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Allergen specific immunotherapy


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Allergen specific immunotherapy

  1. 1. Allergen specific immunotherapy Eman youssif
  2. 2. Allergen immunotherapy Allergen immunotherapy (also termed desensitization) is a medical treatment aiming at patients suffering from allergies that are insufficiently controlled by symptomatic treatments.
  3. 3. Sublingual immunotherapy Sub-lingual immunotherapy is used by physicians in many countries: it involves putting drops or a tablet of allergen extracts under the tongue to swallow the extract. It allows the body to become tolerant of the allergen by absorbing the allergen through the stomach lining. The treatment is usually taken at home. Sublingual immunotherapy is currently commercialized and used in most European and South American countries, and in Australia and Asian countries. In most European countries, national regulations allow marketing of allergen products as "named patient preparations" (NPPs). In the United States, it has not yet received FDA approval, though off-label prescription is becoming common.
  4. 4. Subcutaneous immunotherapy Subcutaneous immunotherapy is the historical route of administration and consists of allergen extract injections which can only be performed with a medical observation. Subcutaneous immunotherapy protocols generally involve weekly injections during a build-up phase, followed by monthly maintenance injections for a period of 3–5 years.
  5. 5. History The British physicians Noon and Freeman were the first researchers to test pollen allergen immunotherapy in a patient cohort. Noon and Freeman, researchers at the Department of Therapeutic Inoculation at St. Mary’s Hospital in London, published their findings in The Lancet in 1915.Building on the observations of his predecessors Bostock, Blackley and Dunbar, Noon noted that hay fever patients “sometimes become cured” and that this was possibly because they “have had the good fortune to develop an active immunity against the toxin.” He hypothesized that by injecting hay fever patients with small amounts of a pollen “toxin”, a state of immunity could be achieved.
  6. 6. Mechanism of therapeutic action In desensitization immunotherapy the aim is to restore tolerance to the allergen by reducing its tendency to induce IgE production. Patients are desensitized by injection with escalating doses of allergen, starting with tiny amounts, an injection schedule that gradually decreases the IgE-dominated response. The mechanisms underlying desensitization therapy are complex, but the key to success seems to be the induction of regulatory T cells secreting IL-10 and/or TGF-beta, which skew the response away from IgE production.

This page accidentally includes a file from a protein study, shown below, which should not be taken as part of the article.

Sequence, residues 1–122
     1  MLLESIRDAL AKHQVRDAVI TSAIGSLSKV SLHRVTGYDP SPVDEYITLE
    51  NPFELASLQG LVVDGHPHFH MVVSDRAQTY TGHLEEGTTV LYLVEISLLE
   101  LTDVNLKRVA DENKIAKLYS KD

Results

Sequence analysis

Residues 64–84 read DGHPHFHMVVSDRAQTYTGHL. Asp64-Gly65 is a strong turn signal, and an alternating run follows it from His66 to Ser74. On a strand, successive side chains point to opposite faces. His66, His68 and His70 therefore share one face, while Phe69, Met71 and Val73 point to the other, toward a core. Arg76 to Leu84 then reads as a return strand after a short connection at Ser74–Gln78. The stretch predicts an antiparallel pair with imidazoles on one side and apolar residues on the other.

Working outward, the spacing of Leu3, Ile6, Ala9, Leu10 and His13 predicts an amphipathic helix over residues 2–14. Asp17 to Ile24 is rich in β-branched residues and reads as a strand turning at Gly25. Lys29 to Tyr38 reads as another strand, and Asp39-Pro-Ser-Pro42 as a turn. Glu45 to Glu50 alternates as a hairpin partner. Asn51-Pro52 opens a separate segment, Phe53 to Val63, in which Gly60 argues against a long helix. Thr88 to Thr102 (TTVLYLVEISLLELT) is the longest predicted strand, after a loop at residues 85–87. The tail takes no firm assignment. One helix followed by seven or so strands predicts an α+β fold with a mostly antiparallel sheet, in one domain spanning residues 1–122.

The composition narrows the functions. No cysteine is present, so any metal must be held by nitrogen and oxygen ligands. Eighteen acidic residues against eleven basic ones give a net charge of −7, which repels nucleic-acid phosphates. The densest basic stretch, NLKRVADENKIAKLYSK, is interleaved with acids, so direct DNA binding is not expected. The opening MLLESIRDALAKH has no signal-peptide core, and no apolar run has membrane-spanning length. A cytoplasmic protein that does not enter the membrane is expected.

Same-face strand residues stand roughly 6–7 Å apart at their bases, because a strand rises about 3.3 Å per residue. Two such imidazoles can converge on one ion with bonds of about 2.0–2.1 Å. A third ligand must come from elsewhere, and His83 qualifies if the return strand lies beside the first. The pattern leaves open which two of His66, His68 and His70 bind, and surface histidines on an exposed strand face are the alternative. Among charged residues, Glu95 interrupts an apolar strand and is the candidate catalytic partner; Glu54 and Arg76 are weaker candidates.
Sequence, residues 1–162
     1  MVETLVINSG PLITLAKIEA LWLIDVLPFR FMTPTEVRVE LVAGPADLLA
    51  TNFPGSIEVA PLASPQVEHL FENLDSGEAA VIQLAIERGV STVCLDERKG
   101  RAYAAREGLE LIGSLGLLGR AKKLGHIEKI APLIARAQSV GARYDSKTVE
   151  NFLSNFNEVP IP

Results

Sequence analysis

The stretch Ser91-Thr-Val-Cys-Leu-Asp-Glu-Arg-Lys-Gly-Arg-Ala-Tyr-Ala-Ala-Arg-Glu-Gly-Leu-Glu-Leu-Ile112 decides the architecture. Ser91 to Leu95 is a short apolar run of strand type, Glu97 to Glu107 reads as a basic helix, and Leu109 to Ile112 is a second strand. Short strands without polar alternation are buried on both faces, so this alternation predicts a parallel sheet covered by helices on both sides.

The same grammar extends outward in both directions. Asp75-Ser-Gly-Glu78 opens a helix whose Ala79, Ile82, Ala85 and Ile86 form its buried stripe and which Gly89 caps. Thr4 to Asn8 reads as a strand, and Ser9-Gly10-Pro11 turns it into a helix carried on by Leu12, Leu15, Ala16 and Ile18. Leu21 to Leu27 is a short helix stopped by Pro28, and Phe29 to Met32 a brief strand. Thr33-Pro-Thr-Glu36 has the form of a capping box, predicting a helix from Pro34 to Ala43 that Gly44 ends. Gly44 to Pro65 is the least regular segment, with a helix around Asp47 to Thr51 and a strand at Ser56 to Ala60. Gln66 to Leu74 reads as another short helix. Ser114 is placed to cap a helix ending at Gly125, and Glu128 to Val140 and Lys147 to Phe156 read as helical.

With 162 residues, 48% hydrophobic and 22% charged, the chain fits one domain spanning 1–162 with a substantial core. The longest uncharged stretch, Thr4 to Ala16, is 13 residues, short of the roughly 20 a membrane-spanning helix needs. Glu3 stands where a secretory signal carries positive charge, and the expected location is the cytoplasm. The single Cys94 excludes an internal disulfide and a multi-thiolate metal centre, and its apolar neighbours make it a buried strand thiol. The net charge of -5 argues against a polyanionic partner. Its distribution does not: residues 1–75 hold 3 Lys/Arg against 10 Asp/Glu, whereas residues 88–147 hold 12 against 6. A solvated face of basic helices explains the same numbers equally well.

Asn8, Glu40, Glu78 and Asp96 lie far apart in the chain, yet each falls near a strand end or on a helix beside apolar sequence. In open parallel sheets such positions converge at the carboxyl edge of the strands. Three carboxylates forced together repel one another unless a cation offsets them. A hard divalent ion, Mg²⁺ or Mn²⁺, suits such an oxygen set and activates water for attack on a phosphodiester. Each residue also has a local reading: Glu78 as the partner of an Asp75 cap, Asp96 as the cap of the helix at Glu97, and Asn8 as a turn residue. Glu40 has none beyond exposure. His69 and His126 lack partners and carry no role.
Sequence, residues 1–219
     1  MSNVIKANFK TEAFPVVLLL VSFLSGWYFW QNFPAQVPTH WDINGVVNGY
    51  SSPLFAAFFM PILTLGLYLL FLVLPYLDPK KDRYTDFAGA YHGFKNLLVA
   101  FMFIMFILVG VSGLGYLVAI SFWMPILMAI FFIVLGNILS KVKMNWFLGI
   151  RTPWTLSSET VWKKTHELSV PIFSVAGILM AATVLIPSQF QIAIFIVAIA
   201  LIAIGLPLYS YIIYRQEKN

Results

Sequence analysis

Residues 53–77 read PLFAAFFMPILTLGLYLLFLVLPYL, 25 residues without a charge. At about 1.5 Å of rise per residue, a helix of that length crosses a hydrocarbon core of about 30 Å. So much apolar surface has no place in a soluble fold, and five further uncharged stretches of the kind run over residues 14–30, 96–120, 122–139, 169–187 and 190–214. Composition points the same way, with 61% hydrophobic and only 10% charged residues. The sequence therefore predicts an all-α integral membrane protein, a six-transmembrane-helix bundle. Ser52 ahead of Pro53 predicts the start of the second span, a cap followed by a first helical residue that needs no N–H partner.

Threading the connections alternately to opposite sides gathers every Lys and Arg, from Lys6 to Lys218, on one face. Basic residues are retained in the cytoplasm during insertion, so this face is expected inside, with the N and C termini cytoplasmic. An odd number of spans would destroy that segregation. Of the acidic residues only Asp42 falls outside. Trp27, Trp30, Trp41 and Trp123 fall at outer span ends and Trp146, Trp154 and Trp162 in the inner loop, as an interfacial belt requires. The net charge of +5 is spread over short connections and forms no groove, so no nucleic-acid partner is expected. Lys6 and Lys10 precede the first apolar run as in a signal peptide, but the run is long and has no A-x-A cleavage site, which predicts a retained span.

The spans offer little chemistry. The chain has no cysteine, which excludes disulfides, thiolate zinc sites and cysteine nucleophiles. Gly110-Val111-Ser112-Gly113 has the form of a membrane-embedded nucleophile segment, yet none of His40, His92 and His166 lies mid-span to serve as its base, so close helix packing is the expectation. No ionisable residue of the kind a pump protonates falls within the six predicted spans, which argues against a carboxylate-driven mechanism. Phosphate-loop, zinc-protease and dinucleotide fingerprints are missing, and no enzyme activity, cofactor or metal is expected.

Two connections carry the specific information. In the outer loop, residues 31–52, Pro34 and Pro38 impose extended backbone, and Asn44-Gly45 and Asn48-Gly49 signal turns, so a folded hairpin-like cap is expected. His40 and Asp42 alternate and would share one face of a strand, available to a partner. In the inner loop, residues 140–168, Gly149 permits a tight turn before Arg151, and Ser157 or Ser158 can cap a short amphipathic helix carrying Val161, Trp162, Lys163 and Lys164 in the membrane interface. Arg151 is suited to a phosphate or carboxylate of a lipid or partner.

7. 7. Sublingual immunotherapy Sublingual immunotherapy involves, putting drops or a tablet of allergen extract under the tongue and then swallowing the extract. Besides its efficacy, sublingual immunotherapy is known to have a better safety profile than subcutaneous immunotherapy and one of the significant benefits of sublingual immunotherapy .is also that the patient can take the treatment at home Today allergen immunotherapy is available in tablet form (for grass pollens). No other method of administration of allergen immunotherapy has reached this level of proof and provides such a favorable benefit/risk ratio. Allergen immunotherapy has therefore acquired a level of evidence equivalent to that of “conventional” drugs, both in terms of documentation of its pharmaceutical quality and the rigor of its production, and its terms of demonstration of its clinical efficacy and safety for patients.
  8. 8. Subcutaneous immunotherapy Prescribed by an allergy specialist, injections of allergens are administered in a medically controlled environment and followed by an observation period of 30 minutes. These pain-free injections are given in order to subcutaneously (under the skin) administer the allergen on the arm between the elbow and shoulder. Allergen injections are started at very low doses. The dose is gradually increased on a regular (and usually weekly) basis, until a "maintenance" dose is reached. Once the maintenance dose is reached, the injections are administered less often (every two to four weeks), still on a regular basis. After 3 years or 3 seasons (if seasonal allergy) of successful completion of immunotherapy, long- term protection can be expected.
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